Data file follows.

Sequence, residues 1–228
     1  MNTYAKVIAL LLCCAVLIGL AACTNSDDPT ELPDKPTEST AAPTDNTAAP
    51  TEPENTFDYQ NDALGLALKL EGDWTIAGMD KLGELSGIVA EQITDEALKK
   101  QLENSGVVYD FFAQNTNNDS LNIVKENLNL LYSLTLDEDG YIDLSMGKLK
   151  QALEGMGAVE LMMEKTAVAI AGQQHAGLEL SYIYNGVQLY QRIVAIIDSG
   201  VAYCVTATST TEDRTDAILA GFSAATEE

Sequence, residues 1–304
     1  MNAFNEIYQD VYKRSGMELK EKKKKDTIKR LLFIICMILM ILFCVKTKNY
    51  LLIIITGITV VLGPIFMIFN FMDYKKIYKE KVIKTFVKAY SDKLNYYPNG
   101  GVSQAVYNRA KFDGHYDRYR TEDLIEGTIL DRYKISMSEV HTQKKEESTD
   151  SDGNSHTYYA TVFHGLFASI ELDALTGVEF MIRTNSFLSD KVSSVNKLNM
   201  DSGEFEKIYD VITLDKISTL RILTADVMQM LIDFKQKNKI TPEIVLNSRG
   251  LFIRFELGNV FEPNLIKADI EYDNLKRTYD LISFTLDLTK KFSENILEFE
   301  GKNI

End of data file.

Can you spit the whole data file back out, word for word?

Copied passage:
Sequence, residues 1–228
     1  MNTYAKVIAL LLCCAVLIGL AACTNSDDPT ELPDKPTEST AAPTDNTAAP
    51  TEPENTFDYQ NDALGLALKL EGDWTIAGMD KLGELSGIVA EQITDEALKK
   101  QLENSGVVYD FFAQNTNNDS LNIVKENLNL LYSLTLDEDG YIDLSMGKLK
   151  QALEGMGAVE LMMEKTAVAI AGQQHAGLEL SYIYNGVQLY QRIVAIIDSG
   201  VAYCVTATST TEDRTDAILA GFSAATEE

Sequence, residues 1–304
     1  MNAFNEIYQD VYKRSGMELK EKKKKDTIKR LLFIICMILM ILFCVKTKNY
    51  LLIIITGITV VLGPIFMIFN FMDYKKIYKE KVIKTFVKAY SDKLNYYPNG
   101  GVSQAVYNRA KFDGHYDRYR TEDLIEGTIL DRYKISMSEV HTQKKEESTD
   151  SDGNSHTYYA TVFHGLFASI ELDALTGVEF MIRTNSFLSD KVSSVNKLNM
   201  DSGEFEKIYD VITLDKISTL RILTADVMQM LIDFKQKNKI TPEIVLNSRG
   251  LFIRFELGNV FEPNLIKADI EYDNLKRTYD LISFTLDLTK KFSENILEFE
   301  GKNI